Former Richardson ISD school board trustee David Tyson, Jr., has sued the RISD, alleging its at-large election system is a violation of the Voting Rights Act of 1965. Thanks to the reader who forwarded to me David Tyson, Jr.'s legal complaint against the Richardson ISD, I now have a better understanding of Tyson's case. It also affects my thinking about whether single member districts or cumulative voting is a better and/or more likely change to address Tyson's complaint.
The data that is new (new to me, that is) is that, according to Tyson, African-Americans comprise 17.9% of RISD's citizen voting age population (CVAP), Latinos comprise 11.2%, and Asians comprise 6.6%. Tyson says that African-American CVAP is concentrated in Hamilton Park (nothing new to me). Depending on just how concentrated that CVAP is, I now believe there is a good chance that a majority African-American district could be drawn in RISD, maybe even two districts. The fact that Latinos comprise only 11.2% of RISD's CVAP suggests to me that it will be more difficult to draw a majority Latino district (majority CVAP that is; majority total population is another matter). But if you combine the African-American and Latino populations (Hamilton Park and Spring Valley), I believe there's a good chance that two majority-minority single-member districts could be drawn in RISD.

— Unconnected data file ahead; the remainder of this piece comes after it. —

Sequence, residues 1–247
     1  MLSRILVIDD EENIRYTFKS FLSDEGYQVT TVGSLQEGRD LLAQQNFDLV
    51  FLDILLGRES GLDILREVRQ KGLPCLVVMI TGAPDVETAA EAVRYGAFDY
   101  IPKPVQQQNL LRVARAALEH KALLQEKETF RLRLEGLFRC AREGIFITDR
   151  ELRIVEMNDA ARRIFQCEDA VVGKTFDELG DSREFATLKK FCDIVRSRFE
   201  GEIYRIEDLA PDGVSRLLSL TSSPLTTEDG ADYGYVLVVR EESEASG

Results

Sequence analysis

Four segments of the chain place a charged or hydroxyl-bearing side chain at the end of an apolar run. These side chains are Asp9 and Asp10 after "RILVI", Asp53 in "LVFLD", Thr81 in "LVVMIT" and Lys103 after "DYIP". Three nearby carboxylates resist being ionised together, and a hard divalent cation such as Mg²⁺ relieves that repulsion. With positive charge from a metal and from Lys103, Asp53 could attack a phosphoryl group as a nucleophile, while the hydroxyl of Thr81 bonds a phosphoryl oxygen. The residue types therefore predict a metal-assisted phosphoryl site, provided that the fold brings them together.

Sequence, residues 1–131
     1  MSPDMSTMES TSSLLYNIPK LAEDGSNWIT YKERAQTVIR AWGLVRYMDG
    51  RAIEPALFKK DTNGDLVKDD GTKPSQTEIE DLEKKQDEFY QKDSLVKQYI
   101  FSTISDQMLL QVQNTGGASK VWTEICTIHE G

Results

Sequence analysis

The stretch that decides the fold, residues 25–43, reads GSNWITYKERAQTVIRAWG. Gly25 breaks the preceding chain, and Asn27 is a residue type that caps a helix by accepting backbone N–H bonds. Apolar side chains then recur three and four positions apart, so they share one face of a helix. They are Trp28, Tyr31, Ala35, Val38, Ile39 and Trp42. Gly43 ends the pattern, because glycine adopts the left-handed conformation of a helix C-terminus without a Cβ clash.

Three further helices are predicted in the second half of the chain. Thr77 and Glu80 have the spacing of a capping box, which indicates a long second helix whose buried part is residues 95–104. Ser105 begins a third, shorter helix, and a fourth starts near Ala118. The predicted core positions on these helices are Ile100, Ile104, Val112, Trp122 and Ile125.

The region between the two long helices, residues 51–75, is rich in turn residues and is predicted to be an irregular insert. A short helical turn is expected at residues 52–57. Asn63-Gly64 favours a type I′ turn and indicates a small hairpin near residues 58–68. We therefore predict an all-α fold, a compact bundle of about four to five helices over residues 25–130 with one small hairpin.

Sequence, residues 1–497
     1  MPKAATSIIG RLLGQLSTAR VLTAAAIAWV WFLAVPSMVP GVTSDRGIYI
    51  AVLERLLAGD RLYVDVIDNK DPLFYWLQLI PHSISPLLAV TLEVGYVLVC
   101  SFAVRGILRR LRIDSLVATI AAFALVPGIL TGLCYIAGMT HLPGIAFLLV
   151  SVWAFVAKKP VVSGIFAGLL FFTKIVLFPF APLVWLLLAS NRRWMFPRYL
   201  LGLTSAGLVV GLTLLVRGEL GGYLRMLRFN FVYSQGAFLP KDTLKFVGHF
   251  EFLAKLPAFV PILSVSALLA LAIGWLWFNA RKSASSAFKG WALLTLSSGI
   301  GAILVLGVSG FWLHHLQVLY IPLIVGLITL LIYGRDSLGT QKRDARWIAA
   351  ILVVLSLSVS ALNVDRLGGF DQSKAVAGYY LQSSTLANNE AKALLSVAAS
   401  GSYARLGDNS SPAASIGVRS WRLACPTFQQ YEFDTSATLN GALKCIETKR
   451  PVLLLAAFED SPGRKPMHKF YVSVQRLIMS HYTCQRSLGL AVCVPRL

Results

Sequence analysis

Tyson's data is more supportive of single-member-districts than I expected. On the other hand, it could be telling that Tyson made no attempt to back up his claim with any example map of what such districts might look like, if for no other reason than to prove the feasibility of doing it. As I've said before, more research is needed. Much more, I expect, before the court is ready to rule on this case.
Something else that's new to me (though not to voting rights lawyers, I'm sure) is a question I hadn't considered before. Do single-member-district schemes need to consist of equal-sized districts with respect to total population or to CVAP or to some combination? I've always been under the impression it's total population that needs to be balanced, but ignoring CVAP would open redistricting up to new imbalances that I haven't considered before. Related, how much does it matter that RISD's overall CVAP demographics differ from school enrollment demographics? A lot of Tyson's complaint focuses on school enrollment, not total population.
Tyson doesn't even mention the possibility of a cumulative voting system satisfying his complaint. I don't know whether that's because he thinks his case for single member districts is so strong he doesn't need to bring it up, or whether he's saving it as a compromise he'd accept in case the court doesn't signal that his case is going well for him. I have no way of guessing his legal strategy in this regard.